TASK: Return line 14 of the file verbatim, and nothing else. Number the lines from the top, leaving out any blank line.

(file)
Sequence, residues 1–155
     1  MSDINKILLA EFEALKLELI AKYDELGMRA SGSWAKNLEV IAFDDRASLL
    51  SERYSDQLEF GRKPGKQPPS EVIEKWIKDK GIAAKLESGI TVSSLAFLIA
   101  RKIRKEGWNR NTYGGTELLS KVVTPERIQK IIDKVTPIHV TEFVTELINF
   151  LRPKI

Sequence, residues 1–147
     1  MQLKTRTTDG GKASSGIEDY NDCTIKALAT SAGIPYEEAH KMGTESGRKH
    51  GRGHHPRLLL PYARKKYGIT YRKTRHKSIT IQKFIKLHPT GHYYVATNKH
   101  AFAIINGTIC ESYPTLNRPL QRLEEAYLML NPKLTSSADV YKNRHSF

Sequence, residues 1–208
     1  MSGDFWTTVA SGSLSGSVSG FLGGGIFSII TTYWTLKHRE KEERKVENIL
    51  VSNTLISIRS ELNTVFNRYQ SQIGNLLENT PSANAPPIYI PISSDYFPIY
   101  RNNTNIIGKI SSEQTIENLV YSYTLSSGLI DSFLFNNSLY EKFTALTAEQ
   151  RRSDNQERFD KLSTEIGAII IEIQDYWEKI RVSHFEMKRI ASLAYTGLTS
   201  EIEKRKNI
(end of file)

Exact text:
   151  RRSDNQERFD KLSTEIGAII IEIQDYWEKI RVSHFEMKRI ASLAYTGLTS